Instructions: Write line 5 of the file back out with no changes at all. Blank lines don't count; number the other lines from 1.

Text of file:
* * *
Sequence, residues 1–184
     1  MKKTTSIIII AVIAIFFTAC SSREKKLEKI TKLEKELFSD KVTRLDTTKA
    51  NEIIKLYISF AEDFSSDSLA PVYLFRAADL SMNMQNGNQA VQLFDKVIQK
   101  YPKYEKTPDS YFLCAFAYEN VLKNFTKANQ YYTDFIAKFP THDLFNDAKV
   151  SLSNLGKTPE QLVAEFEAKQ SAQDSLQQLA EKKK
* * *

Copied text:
   151  SLSNLGKTPE QLVAEFEAKQ SAQDSLQQLA EKKK